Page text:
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6. Strings, Arrays and Mappings

6.1 Strings

LPC has real strings, not arrays of characters. Strings are shared, i.e. when a string is created it is stored in a table and replaced with a reference. This saves memory.

The index operator can be used on strings. The returned value of str[i] is the character (i.e., an integer) at position i in the string 'str'. For example, '"abcd"[-1]' gives 100, the character value of 'd'. Note that this is not the string "d".

The index operator can be used to set single elements in the string:

  string str;

  str = "abcdef";
  str[1] = 'C'; // str is now "aCcdef"
but not to set a sub-string of length 1, i.e.
  string str;

  str = "abcdef";
  str[1] = "C";
does not work; it will in fact trigger a load-time error. Note the difference between the character 'C' and the string "C".

Giving the index operator a range will yield a string:

  string str1, str2, str3;

  str1 = "abcdef";
  str2 = str1[1..3]; // str2 is now "bcd".
  str3 = str1[2..2]; // str3 is now "c".

In this way, the index operator can be used to set parts of a string:

  string s;

  s = "abcdef";
  s[1..2] = "BC";   // s is now "aBCdef".
  s[1..2] = "B--C"; // s is now "aB--Cdef".

6.2 Arrays

LPC allows you to declare arrays of any type. This is usually done by prepending a '*' before the variable name, as in 'int *many' (which declares an array of integers named 'many'). If you use the #pragma strict_types, you must declare them that way. Before you can use the array, you have to initialise it to a valid array. Remember that LPC initialises all variables to zero (0), which is not a valid array.

You can create an array by using the allocate efun:

  int *arr;
  arr = allocate(12);
which declares an array of ints 'arr' and initialises it to consist of 12 integers, numbered 0 to 11, that are zero. The use of 'allocate' is not needed, the above can as well be written
  int *arr;
  arr = ({ 0,0,0,0,0,0,0,0,0,0,0,0 });
Arrays change size dynamically. For example, adding two arrays with three elements gives a single array with 6 elements. The allocation of the needed memory and the copying of data is handled by the driver.

You can, naturally, have multi-dimensional arrays. Those are handled as arrays of arrays, and thus there is no real type for them. You then have to resort to using the type 'mixed'.

The index operator can be used on arrays to get a single element, a range of elements, to set a single element, and to set a range of elements. For example:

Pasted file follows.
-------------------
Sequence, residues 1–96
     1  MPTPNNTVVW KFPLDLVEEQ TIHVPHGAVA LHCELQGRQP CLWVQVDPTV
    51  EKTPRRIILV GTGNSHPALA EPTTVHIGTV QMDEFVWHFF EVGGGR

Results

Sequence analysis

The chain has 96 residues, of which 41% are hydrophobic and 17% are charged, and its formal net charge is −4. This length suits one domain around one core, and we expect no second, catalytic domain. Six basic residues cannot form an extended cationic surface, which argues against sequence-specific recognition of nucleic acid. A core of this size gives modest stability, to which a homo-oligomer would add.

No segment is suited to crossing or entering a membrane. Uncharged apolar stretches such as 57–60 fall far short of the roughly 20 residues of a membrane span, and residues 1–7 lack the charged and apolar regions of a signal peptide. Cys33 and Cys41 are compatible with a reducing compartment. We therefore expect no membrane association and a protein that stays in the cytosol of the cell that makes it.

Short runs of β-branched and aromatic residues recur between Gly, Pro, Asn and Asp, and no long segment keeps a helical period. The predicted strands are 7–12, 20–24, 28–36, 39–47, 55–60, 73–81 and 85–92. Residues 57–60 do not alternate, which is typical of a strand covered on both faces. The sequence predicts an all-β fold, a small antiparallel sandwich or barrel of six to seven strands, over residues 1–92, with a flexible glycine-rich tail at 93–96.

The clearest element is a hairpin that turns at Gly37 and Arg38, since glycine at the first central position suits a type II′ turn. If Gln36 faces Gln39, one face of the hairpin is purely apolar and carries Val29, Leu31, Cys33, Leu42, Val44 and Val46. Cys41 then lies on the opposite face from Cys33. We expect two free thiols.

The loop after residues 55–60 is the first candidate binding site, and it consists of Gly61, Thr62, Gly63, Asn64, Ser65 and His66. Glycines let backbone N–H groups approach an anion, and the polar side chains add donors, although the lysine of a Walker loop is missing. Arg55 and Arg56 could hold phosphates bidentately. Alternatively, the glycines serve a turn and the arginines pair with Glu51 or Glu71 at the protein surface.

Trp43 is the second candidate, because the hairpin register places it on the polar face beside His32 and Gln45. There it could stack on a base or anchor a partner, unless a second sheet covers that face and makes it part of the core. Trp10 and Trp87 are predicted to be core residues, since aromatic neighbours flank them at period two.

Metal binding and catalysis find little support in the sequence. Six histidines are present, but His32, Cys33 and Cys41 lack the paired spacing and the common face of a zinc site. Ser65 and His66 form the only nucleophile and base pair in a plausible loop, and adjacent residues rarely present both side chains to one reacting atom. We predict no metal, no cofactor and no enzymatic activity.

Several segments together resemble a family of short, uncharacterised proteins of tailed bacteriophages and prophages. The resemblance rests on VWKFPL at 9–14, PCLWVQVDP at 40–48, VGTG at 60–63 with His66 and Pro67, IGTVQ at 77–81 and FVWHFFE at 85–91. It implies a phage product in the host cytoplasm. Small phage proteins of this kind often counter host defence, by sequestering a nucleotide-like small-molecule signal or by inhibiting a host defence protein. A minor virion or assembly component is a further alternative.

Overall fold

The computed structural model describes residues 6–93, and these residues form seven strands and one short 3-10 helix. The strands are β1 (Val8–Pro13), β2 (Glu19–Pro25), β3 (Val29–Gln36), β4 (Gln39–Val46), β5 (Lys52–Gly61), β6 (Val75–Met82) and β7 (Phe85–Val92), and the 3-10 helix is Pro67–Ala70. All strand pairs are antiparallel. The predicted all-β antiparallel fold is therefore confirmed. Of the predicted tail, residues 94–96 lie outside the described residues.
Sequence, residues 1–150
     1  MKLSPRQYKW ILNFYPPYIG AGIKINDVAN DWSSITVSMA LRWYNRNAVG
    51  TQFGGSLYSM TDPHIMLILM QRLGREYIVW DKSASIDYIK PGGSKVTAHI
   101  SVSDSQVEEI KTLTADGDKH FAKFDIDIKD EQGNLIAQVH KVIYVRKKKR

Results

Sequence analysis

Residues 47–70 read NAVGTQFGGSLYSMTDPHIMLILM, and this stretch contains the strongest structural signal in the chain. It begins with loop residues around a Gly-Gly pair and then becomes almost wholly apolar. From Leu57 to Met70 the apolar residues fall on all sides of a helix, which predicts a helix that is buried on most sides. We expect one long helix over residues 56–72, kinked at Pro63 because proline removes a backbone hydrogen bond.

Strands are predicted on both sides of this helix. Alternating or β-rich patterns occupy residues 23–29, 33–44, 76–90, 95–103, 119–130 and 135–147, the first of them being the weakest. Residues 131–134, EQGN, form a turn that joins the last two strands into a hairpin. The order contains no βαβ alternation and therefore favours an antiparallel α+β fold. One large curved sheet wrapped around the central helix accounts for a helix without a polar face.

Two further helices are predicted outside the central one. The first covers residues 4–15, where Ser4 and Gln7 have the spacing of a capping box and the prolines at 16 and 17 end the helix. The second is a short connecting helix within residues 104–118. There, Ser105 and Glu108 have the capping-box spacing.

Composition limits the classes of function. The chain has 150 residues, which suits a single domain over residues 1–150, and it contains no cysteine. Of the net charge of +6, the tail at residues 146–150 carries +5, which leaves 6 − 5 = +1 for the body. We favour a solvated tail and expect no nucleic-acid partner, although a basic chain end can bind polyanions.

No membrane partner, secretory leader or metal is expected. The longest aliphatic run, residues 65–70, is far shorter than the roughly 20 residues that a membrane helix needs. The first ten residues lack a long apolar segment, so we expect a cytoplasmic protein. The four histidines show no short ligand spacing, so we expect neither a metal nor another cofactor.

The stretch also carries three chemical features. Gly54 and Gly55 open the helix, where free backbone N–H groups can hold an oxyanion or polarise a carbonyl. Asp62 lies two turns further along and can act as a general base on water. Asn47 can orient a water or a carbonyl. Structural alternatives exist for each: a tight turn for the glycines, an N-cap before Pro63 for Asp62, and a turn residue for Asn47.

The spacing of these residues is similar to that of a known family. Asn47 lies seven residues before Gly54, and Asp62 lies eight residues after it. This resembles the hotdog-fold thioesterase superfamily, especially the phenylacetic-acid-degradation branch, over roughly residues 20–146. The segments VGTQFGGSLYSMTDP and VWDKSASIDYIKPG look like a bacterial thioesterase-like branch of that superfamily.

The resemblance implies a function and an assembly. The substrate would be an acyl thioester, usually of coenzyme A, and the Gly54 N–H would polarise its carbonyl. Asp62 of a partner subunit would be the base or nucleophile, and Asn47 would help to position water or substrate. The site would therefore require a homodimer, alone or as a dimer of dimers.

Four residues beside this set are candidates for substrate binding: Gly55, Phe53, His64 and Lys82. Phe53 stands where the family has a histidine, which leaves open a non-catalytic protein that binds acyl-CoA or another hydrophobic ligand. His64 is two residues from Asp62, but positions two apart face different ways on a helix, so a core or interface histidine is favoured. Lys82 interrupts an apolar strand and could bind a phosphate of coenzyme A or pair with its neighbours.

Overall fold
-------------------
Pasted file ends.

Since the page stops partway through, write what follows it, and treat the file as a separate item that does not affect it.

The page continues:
mixed a, b;
  a = ({ 0,1,2,3,4 });
  b = a[2];   // b is now 2.
  b = a[2..3] // b is now ({ 2,3 }).
  a[5] = 9;                // a is now ({ 0,1,2,3,4,9 }).
  a[0..0] = ({ "a","b" }); // a is now ({ "a","b",1,2,3,4,9 }).
  a[0..1] = ({ "c","d" }); // a is now ({ "c","d",1,2,3,4,9 }).
  a[0..3] = ({ 99 });      // a is now ({ 99,3,4,9 }).
  a[0] = ({ 0,1 });        // a is now ({ ({ 0,1 }), 3,4,5 }).

  a = ({});
  a[0..0] = ({ 1 }); // a is now ({ 1 });
  a = ({});
  a[0] = 0; // This gives an 'index out of bounds' error.

6.3 Mappings

A mapping is LPC's associative array. You can think of it as an array that accepts any type of value as an index, or as a list of index-data pairs. Using an index for which there is no data, returns a zero. New entries are simply added by

or by
  map += ([ index:value ]);
The former over-writes any previous entry on that index, the latter does not. Using the latter, you can force several entries with the same index but different values. If so, what exact value is returned by 'map[index]' cannot be predicted13. Also of interest is that the former construction just extends the mapping, while the latter creates a new copy of the mapping.

The index operator does not accept ranges when operating on mappings.

Mappings are always sorted (on the indices, but the sort order is not one humans can interpret, with one glorious exception: when the index are integers, the mapping is sorted in ascending order.

6.4 Strings, Arrays and Mappings as Function Arguments

For all practical purposes, strings,arrays and mappings as function arguments are passed by value. In reality, they are passed by reference, and the copying is delayed until a change is done to the string/array/mapping.


... predicted13
It will not change while the driver runs, but differ between different runs. Shutting down the driver and restarting it is known as a 'reboot'.

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Next: 7. Inheritance and Overloading Up: NannyMUD LPC Previous: 5. Functions and Program
Mats Henrik Carlberg